The school environment is accessible to children with a range of disabilities. All internal accommodation is on a single level, radiating from the main hall area, and is fully wheelchair accessible. There is a disabled toilet, changing room and shower facility.
The main school policies are held on the school’s website which has recently been reviewed and updated.
Where necessary, reviews are made of individual children’s requirements for specialised equipment/furniture, with support of the Occupational Therapy services.
The school has regular Pupil Progress meetings, where individual children are reviewed and any special needs are identified. Because the school has a small number of children there is constant assessment/review of children with special needs.
Additional support is provided by teaching assistants in the classroom but children are encouraged to become independent learners. All children have access to a laptop within the classroom and the school has also recently purchased Ipads, which will further promote individual research and independent working.
SEN training is planned to meet the needs of individual children or groups. Most recently, training on autism was delivered to all staff by a teacher from a local specialist school.
One teaching assistant is sign language trained; one of our former pupils was profoundly deaf.
During tests/SATS adjustments are made to meet the needs of individual children (eg. providing extra time, reading the questions)
Because we are a small school we are able to ensure that the appropriate level of support/resources is targeted to meet the needs of children with specific needs.
Because we are a small school we are able to develop close links with parents, making it possible to review and assess outcomes on an ongoing basis. Currently individual education plans (IEPs) are agreed with parents on a half-termly basis, allowing progress and the effectiveness of specific interventions to be monitored.
Risk assessments are an integral part of school life and we have a comprehensive set of risk assessments for all curriculum areas, recently updated as part of a recent Health and Safety Audit. Risk assessments are undertaken for all school trips by the individual class teacher, as part of the Lancashire County Council Evolve process.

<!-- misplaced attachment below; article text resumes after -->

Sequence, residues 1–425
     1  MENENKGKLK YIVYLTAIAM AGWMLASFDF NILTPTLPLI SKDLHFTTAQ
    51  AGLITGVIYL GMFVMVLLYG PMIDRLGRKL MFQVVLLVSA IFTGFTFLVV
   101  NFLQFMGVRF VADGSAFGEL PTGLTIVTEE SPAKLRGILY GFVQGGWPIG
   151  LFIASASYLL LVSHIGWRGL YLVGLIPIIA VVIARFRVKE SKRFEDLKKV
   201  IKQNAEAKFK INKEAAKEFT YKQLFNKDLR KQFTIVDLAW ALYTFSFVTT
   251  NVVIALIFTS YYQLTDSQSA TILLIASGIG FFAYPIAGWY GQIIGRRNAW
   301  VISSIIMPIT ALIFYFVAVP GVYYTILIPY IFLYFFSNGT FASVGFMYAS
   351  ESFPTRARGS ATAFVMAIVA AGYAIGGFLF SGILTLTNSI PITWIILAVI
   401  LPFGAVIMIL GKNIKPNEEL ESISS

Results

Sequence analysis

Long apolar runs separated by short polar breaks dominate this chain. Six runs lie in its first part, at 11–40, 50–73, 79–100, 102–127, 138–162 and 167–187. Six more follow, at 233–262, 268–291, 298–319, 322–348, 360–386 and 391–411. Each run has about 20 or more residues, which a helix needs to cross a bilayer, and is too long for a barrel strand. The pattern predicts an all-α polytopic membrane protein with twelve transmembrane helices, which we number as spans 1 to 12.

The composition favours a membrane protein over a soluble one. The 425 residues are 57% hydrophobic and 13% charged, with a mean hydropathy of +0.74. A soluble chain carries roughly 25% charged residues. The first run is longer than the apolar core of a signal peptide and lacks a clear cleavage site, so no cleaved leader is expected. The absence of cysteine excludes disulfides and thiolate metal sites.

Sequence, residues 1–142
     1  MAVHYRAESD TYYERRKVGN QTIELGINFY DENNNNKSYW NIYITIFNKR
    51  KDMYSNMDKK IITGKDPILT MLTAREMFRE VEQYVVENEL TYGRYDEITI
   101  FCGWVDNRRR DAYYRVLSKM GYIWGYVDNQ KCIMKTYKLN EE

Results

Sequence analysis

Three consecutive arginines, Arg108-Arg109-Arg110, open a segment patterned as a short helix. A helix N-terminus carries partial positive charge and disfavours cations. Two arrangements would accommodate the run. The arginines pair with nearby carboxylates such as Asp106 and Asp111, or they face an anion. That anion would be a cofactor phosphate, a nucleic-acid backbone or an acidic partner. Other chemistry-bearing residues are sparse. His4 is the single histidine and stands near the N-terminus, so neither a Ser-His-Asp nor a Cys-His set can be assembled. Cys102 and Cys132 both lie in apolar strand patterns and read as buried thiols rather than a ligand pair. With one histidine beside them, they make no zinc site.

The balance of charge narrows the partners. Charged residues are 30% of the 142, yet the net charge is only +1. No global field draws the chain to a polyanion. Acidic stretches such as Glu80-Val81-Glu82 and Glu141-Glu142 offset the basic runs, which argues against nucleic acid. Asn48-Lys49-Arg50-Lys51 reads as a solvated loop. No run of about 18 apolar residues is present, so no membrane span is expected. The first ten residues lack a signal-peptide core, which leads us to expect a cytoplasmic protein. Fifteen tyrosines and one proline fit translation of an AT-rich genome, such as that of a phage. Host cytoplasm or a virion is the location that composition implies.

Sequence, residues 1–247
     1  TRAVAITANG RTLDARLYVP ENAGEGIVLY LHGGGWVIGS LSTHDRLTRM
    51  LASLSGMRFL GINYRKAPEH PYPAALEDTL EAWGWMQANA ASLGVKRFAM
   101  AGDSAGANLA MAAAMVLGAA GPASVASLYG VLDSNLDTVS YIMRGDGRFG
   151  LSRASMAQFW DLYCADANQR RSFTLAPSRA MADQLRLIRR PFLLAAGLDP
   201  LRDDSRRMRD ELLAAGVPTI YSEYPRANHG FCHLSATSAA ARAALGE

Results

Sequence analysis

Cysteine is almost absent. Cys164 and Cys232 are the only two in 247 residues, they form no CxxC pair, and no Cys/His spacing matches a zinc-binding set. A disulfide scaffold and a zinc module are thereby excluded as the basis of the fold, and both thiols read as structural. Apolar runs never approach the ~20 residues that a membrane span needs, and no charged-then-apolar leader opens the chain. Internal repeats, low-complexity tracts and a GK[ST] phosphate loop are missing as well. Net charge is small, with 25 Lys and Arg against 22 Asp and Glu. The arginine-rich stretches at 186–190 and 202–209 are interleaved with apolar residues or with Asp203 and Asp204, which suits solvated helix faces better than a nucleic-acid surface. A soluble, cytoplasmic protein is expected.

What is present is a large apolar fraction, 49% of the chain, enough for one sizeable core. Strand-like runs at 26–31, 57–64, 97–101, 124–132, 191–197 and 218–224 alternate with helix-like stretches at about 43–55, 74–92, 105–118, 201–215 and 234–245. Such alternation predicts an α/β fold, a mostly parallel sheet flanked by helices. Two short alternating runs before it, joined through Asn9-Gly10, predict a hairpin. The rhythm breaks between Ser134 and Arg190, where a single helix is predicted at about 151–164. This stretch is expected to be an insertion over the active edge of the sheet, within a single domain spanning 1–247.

At the start of the school day, a member of staff is in the school playground from 8.45 am to ensure handover from parents to school. At the end of the school day all children meet in the hall to ensure appropriate handover to parents, After-School Club or after-school activities. During playtimes there is always a member of staff on duty to supervise children in the playground.
Risk assessments are made to meet the individual needs of children.
Because we are a small school there is a relatively small number of staff, making lines of communication much clearer. Teaching staff are available at the start or end of the school day to discuss concerns; appointments may be made for more detailed consideration of an issue.
Parents are kept updated of their child’s progress through a report at the end of the school year and a Parents’ Evening in the autumn term. An Open Day is held early in the school year. Parents can provide feedback via regular questionnaires carried out by the school.
Children have an opportunity to have their say via the school council. Parents are always welcomed in the school to provide additional support (e.g. reading, displays, and local press reports). Parents are fully represented on the Governing Body.
Where necessary, specialist support from other agencies (e.g. social care, health) will be obtained by the school to meet the specific needs of a particular child. This is obviously tailored for individual children.
As a small school our philosophy is to work closely with parents and to share responsibility for the education of each individual child. It is envisaged that because of the nature of this relationship between home and school, parents would be comfortable approaching us for information, guidance and advice as necessary. Similarly, we would endeavour to provide all the support we can.
Good links exist between this school and the Special Needs department at St. Cecilia’s R.C. Secondary School. Children in years 5 and 6 attend a range of events organised by the secondary school; these include taster sessions on different sections of the Key Stage 3 curriculum but also aspects of emotional health and well being. (e.g. internet safety) Children with special educational needs are welcome to make separate visits for extra familiarisation with the site or to discuss individual needs.
The school offers a comprehensive range of after-school activities, which are regularly reviewed and updated to meet changing demands. We have an active Gardening Club, and several sporting activities including football, netball and multi-sports. Where possible sessions are organised to meet the requirements/wishes of children within the school; views on this are obtained via the school council. In the past activities have included a Film Club, Dance sessions, Global Wise awareness, Badminton, Cookery and Arts and Crafts to name but a few.
Activities and clubs are inclusive for all children. The small number of children involved makes it possible to make any necessary adaptations.
At St. Mary’s children make friends with children from different year group, making them very accepting of children who may be viewed as “different” in a larger school. This is one of the unique and special features of this school.
SENCO – Mrs Mary Morris